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Options For Uncomplicated Euromaidan Videos Secrets

As the standoff in Ukraine continues over Russia's occupation of the Crimean Peninsula, artist Tomas Rafa provides an intimate portrait of the recent battles that unfolded in Euromaidan videos the ?Euromaidan? protests in Kiev. These photographs and video offer a rare on-the-ground look at the fiery front lines.

Since I returned last week from Kiev, where I documented the protests included in my artistic give attention to patriotism and nationalism, the problem in Ukraine has brought a sharp turn for the worse and shifted the meaning of those fraught terms. It is always hard to accurately describe the energy of patriotism and nationalism?and the boundary between these related sentiments?in words, which is why I use my camera to reveal their symbolic functions in popular uprisings. Now that Russian forces have seized control of Ukraine's southern Crimea region, Ukraine is divided and nationalist celebrations of President Viktor Yanukovych's departure have come to an untimely end. Putin's moves have put a lot of the planet in a diplomatic frenzy directed at staving off what could be the start of a fresh Cold War or, more terrifyingly, a global conflict. Meanwhile, for a few Ukrainians in Crimea, patriotism may mean voting to stay attached to Kiev in an impending referendum; for others, it might involve deeper ties to the land of these native tongue.

We cannot say what will happen next, nonetheless it remains important to reflect on what unfolded throughout the months of protests. The name of the movement, Euromaidan, arose from protesters'demands for greater ties to the European Union and their rallying point in Kiev's central square, Maidan Nezalezhnosti (Independence Square), also known as simply ?Maidan.? As the protesters in Maidan were mostly local residents, many originated in cities in the west of Ukraine, like Lviv. The square was also filled up with a mix of Ukrainians, Russians, Poles and international journalists. People sang the Ukrainian anthem constantly; I heard it about 50 times a day. In addition they chanted, ?Berkut out,? discussing law enforcement, and ?Ukraine: honor and liberty,? in Russian. I met numerous Russians who were inspired by the thing that was happening in Maidan and wanted to bring this sort of revolution with their country, where it is quite difficult to improve the political environment. They had arrive at Maidan to discover ways to ignite and direct a revolutionary situation.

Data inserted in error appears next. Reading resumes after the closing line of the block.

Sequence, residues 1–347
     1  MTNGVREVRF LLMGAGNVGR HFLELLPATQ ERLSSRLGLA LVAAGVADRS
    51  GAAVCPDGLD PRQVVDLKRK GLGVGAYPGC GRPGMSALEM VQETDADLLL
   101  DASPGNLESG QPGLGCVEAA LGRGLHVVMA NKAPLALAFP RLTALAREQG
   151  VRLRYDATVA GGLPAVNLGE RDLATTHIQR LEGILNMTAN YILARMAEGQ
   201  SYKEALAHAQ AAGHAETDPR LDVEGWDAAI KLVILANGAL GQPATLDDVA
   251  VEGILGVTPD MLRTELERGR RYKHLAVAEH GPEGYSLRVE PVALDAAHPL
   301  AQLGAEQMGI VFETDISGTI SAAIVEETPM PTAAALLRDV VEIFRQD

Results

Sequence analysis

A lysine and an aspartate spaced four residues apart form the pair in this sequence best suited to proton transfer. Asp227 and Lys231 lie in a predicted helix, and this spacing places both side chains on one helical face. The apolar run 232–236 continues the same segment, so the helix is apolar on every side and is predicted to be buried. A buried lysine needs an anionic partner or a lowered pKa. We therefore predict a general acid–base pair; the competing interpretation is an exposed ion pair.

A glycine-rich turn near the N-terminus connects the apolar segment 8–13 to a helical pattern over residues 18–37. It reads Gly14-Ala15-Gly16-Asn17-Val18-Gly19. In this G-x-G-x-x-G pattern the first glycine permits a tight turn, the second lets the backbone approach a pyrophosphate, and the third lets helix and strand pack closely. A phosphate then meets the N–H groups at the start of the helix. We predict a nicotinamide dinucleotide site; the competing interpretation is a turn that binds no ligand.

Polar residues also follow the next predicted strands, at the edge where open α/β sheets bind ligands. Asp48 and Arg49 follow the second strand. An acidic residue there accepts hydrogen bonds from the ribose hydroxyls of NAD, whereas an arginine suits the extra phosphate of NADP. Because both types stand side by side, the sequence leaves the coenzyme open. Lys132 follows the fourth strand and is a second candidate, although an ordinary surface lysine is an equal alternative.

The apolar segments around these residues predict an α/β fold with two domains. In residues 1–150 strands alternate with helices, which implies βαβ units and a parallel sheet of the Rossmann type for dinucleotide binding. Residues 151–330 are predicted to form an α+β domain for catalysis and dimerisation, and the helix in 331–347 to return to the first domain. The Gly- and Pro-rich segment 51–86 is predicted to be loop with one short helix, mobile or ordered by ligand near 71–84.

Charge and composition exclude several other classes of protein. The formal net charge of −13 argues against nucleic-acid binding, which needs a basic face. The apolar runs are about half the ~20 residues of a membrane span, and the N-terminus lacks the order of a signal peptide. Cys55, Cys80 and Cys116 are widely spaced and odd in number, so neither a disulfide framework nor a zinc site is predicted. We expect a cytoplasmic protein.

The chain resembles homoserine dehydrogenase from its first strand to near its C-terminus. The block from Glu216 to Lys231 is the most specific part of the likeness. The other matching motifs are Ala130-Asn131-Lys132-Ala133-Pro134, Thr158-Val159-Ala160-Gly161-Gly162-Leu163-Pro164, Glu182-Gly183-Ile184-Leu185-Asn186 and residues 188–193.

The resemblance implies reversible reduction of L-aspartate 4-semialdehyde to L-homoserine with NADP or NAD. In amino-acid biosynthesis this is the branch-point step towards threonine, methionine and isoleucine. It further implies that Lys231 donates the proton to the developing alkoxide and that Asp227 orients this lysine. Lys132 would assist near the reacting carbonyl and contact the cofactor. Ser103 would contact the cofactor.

On February 20, the deadliest day of the revolution, the Alpha Group?a particular counterterrorism unit produced by the Soviet KGB in the 1970s?was killing many people on the streets. A lot more than 80 were killed, and hundreds were injured. I'd flown to Kiev from Warsaw because the roads were now blocked at the city limits. I shot video whilst the streets below became a killing zone. Individuals were being rescued from the streets and brought to the foyer of Kiev's Hotel Ukraine. Many journalists were in the hotel, and the management eventually made a decision to close the doors to keep them safe. The snipers were still shooting at the journalists through the windows, however, using heavy ammunition that might not be stopped by bulletproof vests. Not so it mattered, since these snipers aimed for the top or neck.

Protesters certainly have mixed feelings now they are no more united by the common goal of taking down Yanukovych. Right-wing nationalists fought side by side with anarchists provided that Yanukovych was in power, but no longer. Serious tensions on the list of protesters arose the moment former prime minister Yulia Tymoshenko stumbled on Maidan. Today, pro-Russian and pro-Ukrainian inhabitants of Crimea are clashing daily. Today's struggle in Crimea is not as deadly while the bloodiest days of the uprising, but the near future for the peninsula?and for Ukraine as a whole?may become more dangerous than anything we've thus far witnessed.

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